Ng Wei Teck Michael and Another v Oversea-Chinese Banking Corp Ltd

JudgeGoh Joon Seng J
Judgment Date21 June 1997
Neutral Citation[1997] SGHC 170
Date21 June 1997
Subject MatterWhether unsecured creditor had locus standi to intervene under s 131 of the Companies Act (Cap 50, 1994 Ed),Unsecured creditor,Mortgage of real property,Whether registrable charge under s 131(3)(e) of Companies Act (Cap 50, 1994 Ed),Equitable mortgage,Whether unregistered charge enforceable against mortgagor before winding up order was made,s 131 Companies Act (Cap 50, 1994 Ed),Parties,Whether unregistered charge void against liquidator,Civil Procedure,Credit and Security,Deposit of title deeds with mortgagee as security,Locus standi
Docket NumberOriginating Summons No 17 of 1997
Published date19 September 2003
Defendant CounselK Shanmugam and Maria Ho (Allen & Gledhill)
CourtHigh Court (Singapore)
Plaintiff CounselLeslie Chew and Lionel Tay (Khattar & Wong)


The facts

The defendant, Oversea-Chinese Banking Corporation Ltd (OCBC) granted Thye Nam Loong (S) Pte Ltd (the company) banking facilities. As of 2 August 1993, the sums of S$16,682.69 and US$4,057,580.80 were owing to OCBC under its overdraft and trust receipt facility respectively to the company.

2.By letter of 2 August 1993, OCBC terminated the said facilities and demanded payment of the amounts owing plus interest within 14 days therefrom. The demand was not complied with.

3.On 17 August 1993, in consideration of the indulgence by way of time to pay the sum owing on the trust receipt facility, the company agreed to deposit the title deeds in respect of its property at 16 Carpenter Street, Singapore (the said property) by way of security. Pursuant thereto, the company deposited the title deeds with OCBC on 11 November 1993 accompanied by a memorandum confirming same, thereby creating an equitable mortgage of the said property in favour of OCBC (the equitable mortgage).

4.On 25 March 1994, OCBC lodged a caveat in the Registry of Titles and Deeds under the Land Titles Act claiming interest as `equitable mortgagees`.

5.In the meantime on 12 March 1994 the second plaintiff (BBL), another banker of the company, obtained judgment against the company for the amount owing to it by the company.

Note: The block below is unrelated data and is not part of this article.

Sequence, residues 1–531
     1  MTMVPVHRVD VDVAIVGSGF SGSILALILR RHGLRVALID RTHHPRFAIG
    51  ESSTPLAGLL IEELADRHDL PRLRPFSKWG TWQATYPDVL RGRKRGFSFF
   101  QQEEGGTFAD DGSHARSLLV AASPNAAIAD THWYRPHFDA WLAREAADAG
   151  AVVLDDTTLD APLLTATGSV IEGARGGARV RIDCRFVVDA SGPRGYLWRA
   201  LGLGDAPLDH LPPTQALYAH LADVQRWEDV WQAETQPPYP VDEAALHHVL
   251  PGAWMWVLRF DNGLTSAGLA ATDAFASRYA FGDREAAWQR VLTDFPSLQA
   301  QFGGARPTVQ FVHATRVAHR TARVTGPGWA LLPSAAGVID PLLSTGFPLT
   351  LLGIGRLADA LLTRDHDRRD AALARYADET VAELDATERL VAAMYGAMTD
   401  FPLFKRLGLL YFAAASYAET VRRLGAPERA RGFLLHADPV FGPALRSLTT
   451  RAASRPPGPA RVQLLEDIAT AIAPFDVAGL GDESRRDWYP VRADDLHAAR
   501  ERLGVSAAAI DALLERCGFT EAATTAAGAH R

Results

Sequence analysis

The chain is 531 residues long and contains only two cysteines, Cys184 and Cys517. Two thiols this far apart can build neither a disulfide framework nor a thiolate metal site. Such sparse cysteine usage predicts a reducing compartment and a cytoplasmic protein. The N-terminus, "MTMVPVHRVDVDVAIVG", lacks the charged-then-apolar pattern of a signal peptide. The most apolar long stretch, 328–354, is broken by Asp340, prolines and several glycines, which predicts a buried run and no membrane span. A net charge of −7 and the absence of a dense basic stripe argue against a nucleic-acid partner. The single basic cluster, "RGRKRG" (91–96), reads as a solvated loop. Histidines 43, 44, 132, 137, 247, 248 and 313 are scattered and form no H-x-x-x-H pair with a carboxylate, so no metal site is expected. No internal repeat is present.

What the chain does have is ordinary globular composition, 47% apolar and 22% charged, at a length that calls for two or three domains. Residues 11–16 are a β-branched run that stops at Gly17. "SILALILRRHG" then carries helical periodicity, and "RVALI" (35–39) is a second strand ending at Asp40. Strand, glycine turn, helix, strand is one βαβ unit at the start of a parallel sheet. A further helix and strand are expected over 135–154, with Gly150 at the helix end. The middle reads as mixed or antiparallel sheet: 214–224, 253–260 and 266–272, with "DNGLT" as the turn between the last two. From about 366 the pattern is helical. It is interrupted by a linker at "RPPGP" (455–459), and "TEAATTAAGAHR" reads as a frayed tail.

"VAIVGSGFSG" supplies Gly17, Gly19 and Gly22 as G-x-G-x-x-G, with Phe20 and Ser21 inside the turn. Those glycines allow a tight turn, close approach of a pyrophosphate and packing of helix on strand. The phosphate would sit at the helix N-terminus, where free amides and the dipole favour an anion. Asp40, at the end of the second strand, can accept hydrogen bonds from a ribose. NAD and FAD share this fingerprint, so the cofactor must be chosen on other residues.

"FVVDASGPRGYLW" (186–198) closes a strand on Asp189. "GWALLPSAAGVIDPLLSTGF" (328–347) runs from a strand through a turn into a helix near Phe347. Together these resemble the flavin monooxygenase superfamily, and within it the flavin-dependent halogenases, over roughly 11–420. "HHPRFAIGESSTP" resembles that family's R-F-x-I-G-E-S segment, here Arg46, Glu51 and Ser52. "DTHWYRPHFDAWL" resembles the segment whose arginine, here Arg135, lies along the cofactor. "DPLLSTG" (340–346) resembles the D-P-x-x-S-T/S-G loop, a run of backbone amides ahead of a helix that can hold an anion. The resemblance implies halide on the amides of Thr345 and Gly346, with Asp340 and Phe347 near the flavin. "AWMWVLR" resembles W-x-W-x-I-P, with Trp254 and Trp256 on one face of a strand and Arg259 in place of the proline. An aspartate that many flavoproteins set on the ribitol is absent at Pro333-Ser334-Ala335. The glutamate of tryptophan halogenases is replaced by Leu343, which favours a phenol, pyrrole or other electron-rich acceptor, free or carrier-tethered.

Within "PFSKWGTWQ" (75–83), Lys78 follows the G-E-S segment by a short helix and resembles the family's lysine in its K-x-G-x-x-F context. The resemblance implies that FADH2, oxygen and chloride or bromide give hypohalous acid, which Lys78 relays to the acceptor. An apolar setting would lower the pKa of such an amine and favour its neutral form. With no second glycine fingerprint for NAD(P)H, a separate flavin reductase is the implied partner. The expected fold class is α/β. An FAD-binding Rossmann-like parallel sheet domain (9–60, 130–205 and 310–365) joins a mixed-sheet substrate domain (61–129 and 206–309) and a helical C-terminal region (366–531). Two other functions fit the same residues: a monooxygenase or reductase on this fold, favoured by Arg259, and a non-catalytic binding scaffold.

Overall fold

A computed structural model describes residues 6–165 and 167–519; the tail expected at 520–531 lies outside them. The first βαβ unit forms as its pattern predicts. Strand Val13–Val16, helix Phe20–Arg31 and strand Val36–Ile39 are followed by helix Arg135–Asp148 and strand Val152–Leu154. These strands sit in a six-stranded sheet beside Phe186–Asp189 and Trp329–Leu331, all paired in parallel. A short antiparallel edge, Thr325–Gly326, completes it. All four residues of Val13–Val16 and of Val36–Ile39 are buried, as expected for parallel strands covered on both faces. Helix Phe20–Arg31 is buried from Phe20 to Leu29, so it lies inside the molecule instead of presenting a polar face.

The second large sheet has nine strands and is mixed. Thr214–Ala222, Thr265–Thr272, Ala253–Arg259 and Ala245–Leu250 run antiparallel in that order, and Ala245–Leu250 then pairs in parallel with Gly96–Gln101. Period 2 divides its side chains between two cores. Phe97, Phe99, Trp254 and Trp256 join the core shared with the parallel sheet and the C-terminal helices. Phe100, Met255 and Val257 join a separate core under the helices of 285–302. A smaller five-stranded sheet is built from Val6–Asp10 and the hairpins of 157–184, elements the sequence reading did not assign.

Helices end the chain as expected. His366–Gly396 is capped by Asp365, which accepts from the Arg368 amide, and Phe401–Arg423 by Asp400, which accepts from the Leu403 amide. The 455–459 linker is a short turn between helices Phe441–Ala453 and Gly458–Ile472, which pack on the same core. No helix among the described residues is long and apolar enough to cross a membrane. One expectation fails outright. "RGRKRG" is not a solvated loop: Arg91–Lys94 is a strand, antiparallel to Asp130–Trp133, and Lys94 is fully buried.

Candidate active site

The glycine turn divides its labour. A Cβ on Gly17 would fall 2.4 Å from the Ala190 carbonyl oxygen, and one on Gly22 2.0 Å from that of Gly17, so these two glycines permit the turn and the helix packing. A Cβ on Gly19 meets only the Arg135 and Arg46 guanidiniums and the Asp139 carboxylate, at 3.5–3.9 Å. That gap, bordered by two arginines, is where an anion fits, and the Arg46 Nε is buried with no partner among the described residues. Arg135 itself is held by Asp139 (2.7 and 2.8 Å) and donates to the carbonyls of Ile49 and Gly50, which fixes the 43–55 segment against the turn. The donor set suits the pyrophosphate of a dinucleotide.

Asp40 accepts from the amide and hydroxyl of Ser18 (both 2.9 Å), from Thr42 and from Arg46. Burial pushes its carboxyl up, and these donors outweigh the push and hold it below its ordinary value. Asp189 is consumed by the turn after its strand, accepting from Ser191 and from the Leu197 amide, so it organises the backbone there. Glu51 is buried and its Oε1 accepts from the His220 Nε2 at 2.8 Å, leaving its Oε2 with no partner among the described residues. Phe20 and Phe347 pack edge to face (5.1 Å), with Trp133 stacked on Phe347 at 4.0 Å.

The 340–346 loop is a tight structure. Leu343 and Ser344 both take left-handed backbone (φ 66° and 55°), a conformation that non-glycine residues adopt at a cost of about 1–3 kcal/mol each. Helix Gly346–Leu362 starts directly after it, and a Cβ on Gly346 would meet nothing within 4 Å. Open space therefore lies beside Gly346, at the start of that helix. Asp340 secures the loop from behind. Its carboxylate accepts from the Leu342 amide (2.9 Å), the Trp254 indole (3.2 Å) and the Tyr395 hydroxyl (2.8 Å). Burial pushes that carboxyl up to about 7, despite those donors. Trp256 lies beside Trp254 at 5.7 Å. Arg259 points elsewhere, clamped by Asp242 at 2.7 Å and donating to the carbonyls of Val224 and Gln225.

6.On 25 April 1994, OCBC obtained an order of court (the enforcement order) that the equitable mortgage be enforced by way of sale and that the company do deliver up vacant possession of the said property to OCBC. A copy of the enforcement order was served on the company on 6 May 1994.

7.As the judgment obtained by BBL against the company on 12 March 1994 remained unsatisfied, BBL on 6 May 1994 presented Winding Up Petition No 105 of 1994 against the company.

8.On 12 May 1994, the first plaintiffs were appointed receivers and managers over the assets of the company. In the course of the receivership, the first plaintiffs came to know of the equitable mortgage. Upon discovering that the equitable mortgage had not been registered as required under s 131(1) of the Companies Act (Cap 50, 1994 Ed) (the Act), Khattar Wong & Partners on 1 June 1994 on behalf of BBL and the first plaintiffs as receivers and managers wrote to Allen & Gledhill, solicitors for OCBC stating:

We note that you act for OCBC who claim to be equitable mortgagees of the above property owned by the Company. We now understand that your clients have purported to exercise their rights as equitable mortgagees to sell the property and the auction sale of the property is scheduled to take place today at 2.30pm.

On behalf of our clients, we hereby put your clients on notice that both our clients take the position that the equitable mortgage upon which your clients purport to exercise their rights to sell the property is void for want of registration against creditors of the Company pursuant to s 131 of the Company`s [sic] Act.

9.Notwithstanding the position taken by BBL and the first plaintiffs as receivers and managers, OCBC proceeded with the sale and transfer of the said property on 4 October 1994 to one Ng Gim Bee for $1,975,000. The transfer was registered on 13 April 1995.

10.On 5 May 1995, a winding up order was made against the company and the first plaintiffs were appointed liquidators of the company.